Where Scoob! does work to stand out in the grand legacy of the franchise is in its incorporation of the larger Hanna-Barbera universe of characters, and credit deserves to be given in the filmmakers exercising a surprising level of restraint. With decades of properties to work with, from The Flintstones to The Jetsons to Huckleberry Hound to Yogi Bear, the movie could have been made to be cameo city, with a new recognizable face showing up every five minutes sporting a celebrity voice – but instead the supporting cast is carefully selected and well-utilized, including not only those already mentioned (the back-and-forth between the new Blue Falcon and the veteran Dynomutt provides some of the film’s best moments), but also Captain Caveman (featured in a fun sequence voice by Tracy Morgan). As evidenced by the film, there is legitimate potential in the exploration of a larger universe, but this story is smart not to overplay its hand at the start.

Scoob! lovingly brings its characters into the CG animated world, while also delivering some impressive set pieces.

Of course, while Scoob! doesn’t make big sweeping moves to unnecessarily advance its protagonists, one big change from tradition is in the style of animation that gives the characters a literal extra dimension – and it’s a change that works. Similar to the live-action movies that were released a little less than 20 years ago, it’s understood that the key is translating the basic essence of the style of the 2D cartoons into the new medium, including both style and color, and it’s a transition that works for the property here.

More than the Scooby Gang and the larger cast of characters being instantly recognizable, however, the animation in general just looks great. In addition to there being a fun squash-and-stretch implemented into the more realistic presentation scene-to-scene, the big action sequences are very much blockbuster caliber – from a Shaggy and Scooby sequence in the first act that sees the pair chased by a group of transforming robot scorpions, to the big finale set in Rome. It may be a new format for the material, but watching the movie it never actually feels that way.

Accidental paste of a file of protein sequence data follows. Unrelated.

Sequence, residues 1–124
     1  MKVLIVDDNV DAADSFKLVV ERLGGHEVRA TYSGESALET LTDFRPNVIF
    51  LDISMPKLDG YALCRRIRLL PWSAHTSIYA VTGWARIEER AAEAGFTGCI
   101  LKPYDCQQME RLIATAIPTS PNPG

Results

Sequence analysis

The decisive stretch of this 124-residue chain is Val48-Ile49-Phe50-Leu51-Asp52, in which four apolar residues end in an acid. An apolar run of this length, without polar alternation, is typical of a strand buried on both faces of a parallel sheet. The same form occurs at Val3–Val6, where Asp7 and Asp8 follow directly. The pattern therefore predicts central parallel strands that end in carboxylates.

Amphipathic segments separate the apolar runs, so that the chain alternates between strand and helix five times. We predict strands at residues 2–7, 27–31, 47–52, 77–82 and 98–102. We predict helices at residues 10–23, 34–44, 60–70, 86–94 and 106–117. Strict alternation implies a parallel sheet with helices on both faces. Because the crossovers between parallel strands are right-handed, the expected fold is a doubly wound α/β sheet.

Looking at the film in the big picture, Scoob! is being released during a very stressful time in the world, and it’s a movie that’s actually kind of well-suited for it. Not only will it provide for a nice distraction for parents desperately looking for ways to keep their children entertained indoors, but it’s also simply a nice piece of well-intentioned escapism that is cute and occasionally heart-warming. It’s not spectacular or groundbreaking, but it is fun, and a potential launching point for a whole new generation of big screen Hanna-Barbera projects.

Eric Eisenberg
Assistant Managing Editor

Eric Eisenberg is the Assistant Managing Editor at CinemaBlend. After graduating Boston University and earning a bachelor’s degree in journalism, he took a part-time job as a staff writer for CinemaBlend, and after six months was offered the opportunity to move to Los Angeles and take on a newly created West Coast Editor position. Over a decade later, he's continuing to advance his interests and expertise. In addition to conducting filmmaker interviews and contributing to the news and feature content of the site, Eric also oversees the Movie Reviews section, writes the the weekend box office report (published Sundays), and is the site's resident Stephen King expert. He has two King-related columns.